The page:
We receive with great relief the news that as of 26 May 2000 the Bangko Sentral ng Pilipinas (BSP) will keep its overnight borrowing and lending rates steady.
Nonetheless, we call on the BSP to reverse its earlier decision to increase interest rates by a full percentage point, in its attempt to stem the further depreciation of the peso.
Why this call? It is because the lack of confidence in the economy
arises from the Estrada administration’s weak, incoherent governance–rather than purely economic reasons. The escalation of the Mindanao conflict, and the spate of bombings underline this crisis of governance. The tensions have long been simmering, with the administration already beleaguered by attacks against cronyism and corruption. Thus the interest-rate cure, an economic measure, cannot address these problems, for they are political questions.
It is therefore no surprise that despite the two rounds of increases in the BSP’s overnight borrowing rates, the peso has slid and the exchange rate continues to fluctuate. The BSP should have learned its lessons from the financial crisis in 1997-98. That is, when market confidence is shaken, not even a jacking up of interest rates would prevent people from shifting to dollar-denominated assets or transferring their liquid assets abroad. Moreover, higher interest rates would further impede investments, growth and employment.
Standard theory states that policymakers increase interest rates to tame inflation, cool down an overheating economy, and temper “irrational exuberance.” This is the reason why the US Federal Reserve has increased interest rates. But the Philippine case is very different: Inflation remains low, growth is barely recovering, and “animal spirits” are weak.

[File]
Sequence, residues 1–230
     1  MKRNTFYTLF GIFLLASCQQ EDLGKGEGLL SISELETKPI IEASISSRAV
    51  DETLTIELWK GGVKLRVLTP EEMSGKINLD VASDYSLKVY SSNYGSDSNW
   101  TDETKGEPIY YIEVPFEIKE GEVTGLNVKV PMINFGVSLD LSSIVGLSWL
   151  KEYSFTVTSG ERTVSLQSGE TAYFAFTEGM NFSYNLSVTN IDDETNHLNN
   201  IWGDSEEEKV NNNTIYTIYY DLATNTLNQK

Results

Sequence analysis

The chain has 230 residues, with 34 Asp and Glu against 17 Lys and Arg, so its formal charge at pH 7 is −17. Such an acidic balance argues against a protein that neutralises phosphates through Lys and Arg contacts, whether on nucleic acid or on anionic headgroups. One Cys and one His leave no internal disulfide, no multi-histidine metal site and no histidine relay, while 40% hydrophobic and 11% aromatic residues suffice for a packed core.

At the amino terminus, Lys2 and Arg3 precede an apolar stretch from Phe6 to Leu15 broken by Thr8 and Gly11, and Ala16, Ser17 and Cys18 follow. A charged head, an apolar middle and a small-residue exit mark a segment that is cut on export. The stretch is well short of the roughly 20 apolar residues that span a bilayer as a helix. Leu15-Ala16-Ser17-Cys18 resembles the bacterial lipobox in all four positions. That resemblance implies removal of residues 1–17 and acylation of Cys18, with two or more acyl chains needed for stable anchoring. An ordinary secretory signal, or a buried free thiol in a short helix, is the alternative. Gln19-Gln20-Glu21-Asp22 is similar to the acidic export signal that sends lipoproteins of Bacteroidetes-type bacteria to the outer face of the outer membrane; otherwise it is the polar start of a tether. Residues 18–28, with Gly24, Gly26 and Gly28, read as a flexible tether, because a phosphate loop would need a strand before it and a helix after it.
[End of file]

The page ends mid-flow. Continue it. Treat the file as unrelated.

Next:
Even the most recent hike in US interest rates is not enough justification for the BSP to jack up interest rates by 100 basis points. Internal factors such as growth and inflation should be the main determinants of interest-rate policy.
The increase in overnight borrowing rates–reaching the double-digit level and hence creating a psychological stir–would exert upward pressure on Treasury bill rates. We are nevertheless confident that the National Treasury–as demonstrated by its track record–will reject any unreasonably high bids.
We, too, are relieved that the BSP has put the brakes on interest rate increases. The BSP has shown some flexibility lately, even showing critics that it can keep the exchange rate competitive through the purchase of dollars in the Philippine Dealing System.
Obviously the volatility of the exchange rate has gone beyond the realm of economic policy. It is but a manifestation of the growing concern in the Philippines and abroad that Estrada’s governance has gone haywire. Only by resolving the governance issue and implementing the needed economic and political reforms can confidence in the Philippine economy be regained.